People v. Ortega

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481 P.2d 727 (1971)

The PEOPLE of the State of Colorado, Plaintiff-Appellee, v. William B. ORTEGA, Defendant-Appellant.

No. 24966.

Supreme Court of Colorado, En Banc.

February 22, 1971.

*728 James D. McKevitt, Dist. Atty., Second Judicial District, Gregory A. Mueller, Asst. Dist. Atty., Jarvis W. Seccombe, Chief Deputy Dist. Atty., Thomas P. Casey, Deputy Dist. Atty., Denver, for plaintiff-appellee.

Epstein, Lozow & Preblud, Donald L. Lozow, Gary Lozow, Denver, for defendant-appellant.

KELLEY, Justice.

William B. Ortega, defendant-appellant, is charged with possession of narcotics, one count relating to heroin and the other to marijuana. The narcotics were seized by police officers contemporaneously with Ortega's arrest on April 26, 1970. The officers had neither an arrest nor a search warrant.

The defendant-appellant challenged the validity of the seizures by a motion to suppress premised on the violation of his rights under the Fourth and Fourteenth Amendments to the Constitution of the United States. The trial court denied the motion to suppress.

Ortega presented no evidence and the People relied upon the testimony of one of the two detectives who made the arrest and seized the contraband.

Detectives DeNovellis and Cantwell were conducting a surveillance in the rear of an apartment house located at 2460 West Caithness Street, Denver, at about 9:50 p. m. The surveillance was the result of information received by the officers from an informant who advised that Mr. Ortega was engaged in narcotics activities at the West Caithness Street address. The information furnished indicated that Ortega was hiding narcotics in the back yard of the apartment house and that he was "a pusher."

While conducting the surveillance, Detective DeNovellis observed Ortega emerge from the back of the apartment house, walk over to a "weeded or grassy" area, bend over for a few minutes, stand up, and start back toward the apartment house. At about that moment the detectives moved toward the defendant and one of the detectives called him by name, whereupon Ortega turned, saw DeNovellis, and threw an object from his hand. Ortega was then restrained *729 by one of the detectives while the other searched the area for the discarded object. The object was recovered and found to be a tinfoil packet containing approximately six balloons of suspected heroin. The substance was thereafter determined to be heroin.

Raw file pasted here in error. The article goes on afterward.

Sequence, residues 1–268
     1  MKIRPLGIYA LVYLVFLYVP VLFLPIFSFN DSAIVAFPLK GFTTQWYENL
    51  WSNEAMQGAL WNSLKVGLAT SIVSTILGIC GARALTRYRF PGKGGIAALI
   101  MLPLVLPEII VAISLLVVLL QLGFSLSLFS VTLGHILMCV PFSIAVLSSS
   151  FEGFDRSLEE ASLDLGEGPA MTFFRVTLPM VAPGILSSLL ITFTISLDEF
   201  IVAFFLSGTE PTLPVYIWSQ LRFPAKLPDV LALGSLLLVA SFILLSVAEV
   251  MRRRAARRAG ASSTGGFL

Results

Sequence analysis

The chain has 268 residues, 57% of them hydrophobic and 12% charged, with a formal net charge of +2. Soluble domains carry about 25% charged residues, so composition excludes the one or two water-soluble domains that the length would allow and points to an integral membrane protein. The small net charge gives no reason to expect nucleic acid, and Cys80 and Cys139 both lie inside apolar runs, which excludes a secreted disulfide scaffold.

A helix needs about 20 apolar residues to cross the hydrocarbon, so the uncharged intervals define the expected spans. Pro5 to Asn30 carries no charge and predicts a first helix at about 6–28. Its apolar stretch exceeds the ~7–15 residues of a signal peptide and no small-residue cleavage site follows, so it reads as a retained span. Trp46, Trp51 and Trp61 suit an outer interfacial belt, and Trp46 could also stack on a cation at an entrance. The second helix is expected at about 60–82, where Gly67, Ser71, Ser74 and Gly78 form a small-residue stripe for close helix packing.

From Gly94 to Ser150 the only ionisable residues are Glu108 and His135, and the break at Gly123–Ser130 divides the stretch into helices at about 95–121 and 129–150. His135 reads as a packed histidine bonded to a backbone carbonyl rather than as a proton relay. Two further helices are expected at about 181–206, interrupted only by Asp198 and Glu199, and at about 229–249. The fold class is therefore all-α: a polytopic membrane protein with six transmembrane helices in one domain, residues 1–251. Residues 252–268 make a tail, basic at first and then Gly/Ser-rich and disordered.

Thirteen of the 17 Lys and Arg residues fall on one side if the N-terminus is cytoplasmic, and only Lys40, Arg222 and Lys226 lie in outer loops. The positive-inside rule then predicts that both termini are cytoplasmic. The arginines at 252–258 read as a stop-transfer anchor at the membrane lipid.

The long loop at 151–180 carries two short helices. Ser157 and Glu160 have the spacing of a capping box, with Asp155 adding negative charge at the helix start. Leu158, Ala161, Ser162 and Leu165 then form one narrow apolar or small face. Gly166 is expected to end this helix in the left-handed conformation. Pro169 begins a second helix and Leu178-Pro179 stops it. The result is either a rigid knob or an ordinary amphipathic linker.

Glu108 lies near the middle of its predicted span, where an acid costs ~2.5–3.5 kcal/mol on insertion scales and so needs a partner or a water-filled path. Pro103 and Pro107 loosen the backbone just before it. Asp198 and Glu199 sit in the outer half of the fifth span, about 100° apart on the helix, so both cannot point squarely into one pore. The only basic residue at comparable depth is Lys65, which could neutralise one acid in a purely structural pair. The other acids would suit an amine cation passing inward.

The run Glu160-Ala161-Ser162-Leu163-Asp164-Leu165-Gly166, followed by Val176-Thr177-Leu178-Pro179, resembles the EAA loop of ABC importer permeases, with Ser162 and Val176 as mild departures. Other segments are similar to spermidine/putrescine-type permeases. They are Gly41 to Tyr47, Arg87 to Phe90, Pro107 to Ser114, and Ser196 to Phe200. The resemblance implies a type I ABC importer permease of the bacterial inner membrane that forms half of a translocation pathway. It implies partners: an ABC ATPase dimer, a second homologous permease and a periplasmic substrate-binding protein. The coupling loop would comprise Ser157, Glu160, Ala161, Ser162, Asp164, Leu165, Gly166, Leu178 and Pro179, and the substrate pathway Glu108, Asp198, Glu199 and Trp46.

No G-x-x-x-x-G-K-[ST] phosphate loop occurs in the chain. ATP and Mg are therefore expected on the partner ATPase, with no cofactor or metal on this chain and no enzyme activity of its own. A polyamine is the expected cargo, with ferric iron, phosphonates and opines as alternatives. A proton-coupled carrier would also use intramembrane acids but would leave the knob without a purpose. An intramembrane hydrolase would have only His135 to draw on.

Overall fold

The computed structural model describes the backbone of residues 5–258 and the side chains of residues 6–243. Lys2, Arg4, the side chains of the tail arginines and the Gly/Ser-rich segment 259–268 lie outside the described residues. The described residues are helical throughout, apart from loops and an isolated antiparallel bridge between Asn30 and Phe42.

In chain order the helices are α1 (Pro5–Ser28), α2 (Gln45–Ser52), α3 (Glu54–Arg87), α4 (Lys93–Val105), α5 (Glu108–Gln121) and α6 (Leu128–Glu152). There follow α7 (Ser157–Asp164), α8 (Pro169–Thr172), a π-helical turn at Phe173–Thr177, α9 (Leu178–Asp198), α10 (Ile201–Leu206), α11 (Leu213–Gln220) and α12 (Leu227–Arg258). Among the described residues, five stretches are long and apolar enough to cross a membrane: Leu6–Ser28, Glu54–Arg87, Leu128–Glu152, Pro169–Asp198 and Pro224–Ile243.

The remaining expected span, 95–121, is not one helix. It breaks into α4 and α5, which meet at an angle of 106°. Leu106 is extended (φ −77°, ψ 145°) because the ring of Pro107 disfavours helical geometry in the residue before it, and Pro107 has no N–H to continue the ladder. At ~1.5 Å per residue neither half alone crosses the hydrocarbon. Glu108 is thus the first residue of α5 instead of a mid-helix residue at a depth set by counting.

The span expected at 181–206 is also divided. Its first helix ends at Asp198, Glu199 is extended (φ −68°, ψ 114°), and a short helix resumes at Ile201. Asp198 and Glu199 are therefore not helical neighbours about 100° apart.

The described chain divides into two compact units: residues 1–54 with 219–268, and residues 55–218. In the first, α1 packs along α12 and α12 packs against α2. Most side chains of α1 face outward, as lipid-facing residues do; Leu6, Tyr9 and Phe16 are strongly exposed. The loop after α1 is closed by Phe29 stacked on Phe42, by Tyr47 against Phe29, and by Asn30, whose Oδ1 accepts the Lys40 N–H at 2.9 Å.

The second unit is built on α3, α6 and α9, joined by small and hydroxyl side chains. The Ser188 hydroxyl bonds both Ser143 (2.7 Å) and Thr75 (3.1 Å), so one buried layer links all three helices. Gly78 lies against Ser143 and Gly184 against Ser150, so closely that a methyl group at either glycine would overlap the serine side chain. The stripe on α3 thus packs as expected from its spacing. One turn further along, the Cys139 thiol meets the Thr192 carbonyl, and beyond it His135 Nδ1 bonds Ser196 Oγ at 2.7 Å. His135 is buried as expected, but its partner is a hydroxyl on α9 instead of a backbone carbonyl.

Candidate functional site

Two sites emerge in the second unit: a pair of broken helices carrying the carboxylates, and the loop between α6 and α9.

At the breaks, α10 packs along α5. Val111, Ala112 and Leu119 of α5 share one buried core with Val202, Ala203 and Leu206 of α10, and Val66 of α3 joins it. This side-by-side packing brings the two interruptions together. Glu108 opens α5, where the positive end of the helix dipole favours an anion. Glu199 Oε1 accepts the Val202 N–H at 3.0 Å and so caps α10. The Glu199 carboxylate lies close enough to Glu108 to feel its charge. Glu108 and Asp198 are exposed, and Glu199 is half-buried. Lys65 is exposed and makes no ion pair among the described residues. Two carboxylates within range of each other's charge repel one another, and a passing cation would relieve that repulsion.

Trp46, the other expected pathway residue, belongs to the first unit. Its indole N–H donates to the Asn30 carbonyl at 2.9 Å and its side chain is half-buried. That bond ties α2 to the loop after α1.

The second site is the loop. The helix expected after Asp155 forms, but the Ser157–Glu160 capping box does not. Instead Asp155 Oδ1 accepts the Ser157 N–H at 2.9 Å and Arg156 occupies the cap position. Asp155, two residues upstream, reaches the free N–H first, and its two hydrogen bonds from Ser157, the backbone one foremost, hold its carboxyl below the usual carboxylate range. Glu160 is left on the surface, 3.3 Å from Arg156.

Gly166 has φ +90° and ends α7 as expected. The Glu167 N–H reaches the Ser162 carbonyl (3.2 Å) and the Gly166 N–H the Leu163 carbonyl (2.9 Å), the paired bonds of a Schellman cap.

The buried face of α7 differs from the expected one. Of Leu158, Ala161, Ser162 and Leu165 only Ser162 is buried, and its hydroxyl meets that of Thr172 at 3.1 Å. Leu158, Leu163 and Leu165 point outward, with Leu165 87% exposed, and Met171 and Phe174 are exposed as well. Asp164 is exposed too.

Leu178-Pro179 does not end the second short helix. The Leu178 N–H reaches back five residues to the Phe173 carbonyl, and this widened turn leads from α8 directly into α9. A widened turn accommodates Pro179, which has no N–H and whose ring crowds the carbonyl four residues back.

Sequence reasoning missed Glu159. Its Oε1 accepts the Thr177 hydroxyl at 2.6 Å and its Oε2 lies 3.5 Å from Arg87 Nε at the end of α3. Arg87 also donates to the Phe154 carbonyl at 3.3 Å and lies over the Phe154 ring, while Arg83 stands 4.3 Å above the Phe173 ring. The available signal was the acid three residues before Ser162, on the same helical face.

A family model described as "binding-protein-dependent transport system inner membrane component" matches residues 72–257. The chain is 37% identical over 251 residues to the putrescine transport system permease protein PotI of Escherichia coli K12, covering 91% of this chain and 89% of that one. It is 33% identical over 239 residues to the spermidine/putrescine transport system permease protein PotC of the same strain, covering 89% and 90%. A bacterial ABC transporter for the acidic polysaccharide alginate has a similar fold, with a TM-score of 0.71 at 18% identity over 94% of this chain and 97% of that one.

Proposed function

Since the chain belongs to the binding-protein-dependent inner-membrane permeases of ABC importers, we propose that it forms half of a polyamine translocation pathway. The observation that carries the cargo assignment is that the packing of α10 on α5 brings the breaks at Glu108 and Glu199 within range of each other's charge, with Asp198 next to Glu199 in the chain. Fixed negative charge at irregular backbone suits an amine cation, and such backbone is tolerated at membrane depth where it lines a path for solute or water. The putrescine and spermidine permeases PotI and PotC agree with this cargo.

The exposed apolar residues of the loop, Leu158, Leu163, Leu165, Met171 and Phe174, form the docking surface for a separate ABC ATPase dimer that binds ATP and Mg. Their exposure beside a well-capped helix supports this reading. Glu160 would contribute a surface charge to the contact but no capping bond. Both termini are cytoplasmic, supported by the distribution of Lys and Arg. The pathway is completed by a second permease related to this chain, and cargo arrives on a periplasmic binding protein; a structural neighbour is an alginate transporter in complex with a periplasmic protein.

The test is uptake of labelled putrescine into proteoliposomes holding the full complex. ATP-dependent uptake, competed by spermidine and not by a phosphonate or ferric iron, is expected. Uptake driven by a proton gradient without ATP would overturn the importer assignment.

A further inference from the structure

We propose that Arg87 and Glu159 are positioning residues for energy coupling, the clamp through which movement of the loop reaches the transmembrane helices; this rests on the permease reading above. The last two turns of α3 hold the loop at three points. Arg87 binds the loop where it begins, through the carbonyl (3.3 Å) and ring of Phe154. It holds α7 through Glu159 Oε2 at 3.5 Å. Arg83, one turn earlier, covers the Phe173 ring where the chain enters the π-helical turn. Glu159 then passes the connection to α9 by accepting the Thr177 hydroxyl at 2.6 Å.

In denying the motion to suppress, the trial court made no findings of fact, merely holding that there was probable cause for both the arrest and the search and seizure.

People v. Reyes, Colo., 477 P.2d 790, held,

"Before this court can pass upon the ruling of the trial court it must have the benefit of the trial court's findings. The trial court is required to determine the factual issues presented by the motion to suppress."

Consequently, we must remand the cause for an evidentiary hearing on the motion to suppress. The judge who heard the motion to suppress is now deceased. From the limited testimony in the record, it does not appear that it will be possible on remand for a new trial judge to make the necessary factual determinations from the record. The circumstances and sequence of events leading up to the arrest are important considerations which were touched upon but slightly. A new evidentiary hearing is indicated.

As noted above, the search and seizure of which the validity is being challenged was conducted without a warrant. If the validity of the search depends upon a lawful arrest, then the court must find the facts upon which such a conclusion may legally rest. If, on the other hand, the court concludes that the seized property was "found" after abandonment, then it must find the facts upon which that conclusion could validly rest. In like manner, whatever ultimate conclusion the trial court reaches must be supported by appropriate findings of fact.

From the arguments advanced by the district attorney in this court and the limited amount of evidence which he introduced at the hearing, it appears that he labors under a misconception of the law governing the burden which rests upon the People.

We hold that in a warrantless search that it is incumbent upon the People to show the search and seizure was valid. See People v. Valdez, Colo., 480 P.2d 574, Supreme Court No. 24905, announced February 1, 1971.

The cause is remanded for further proceedings consonant with the views herein expressed.

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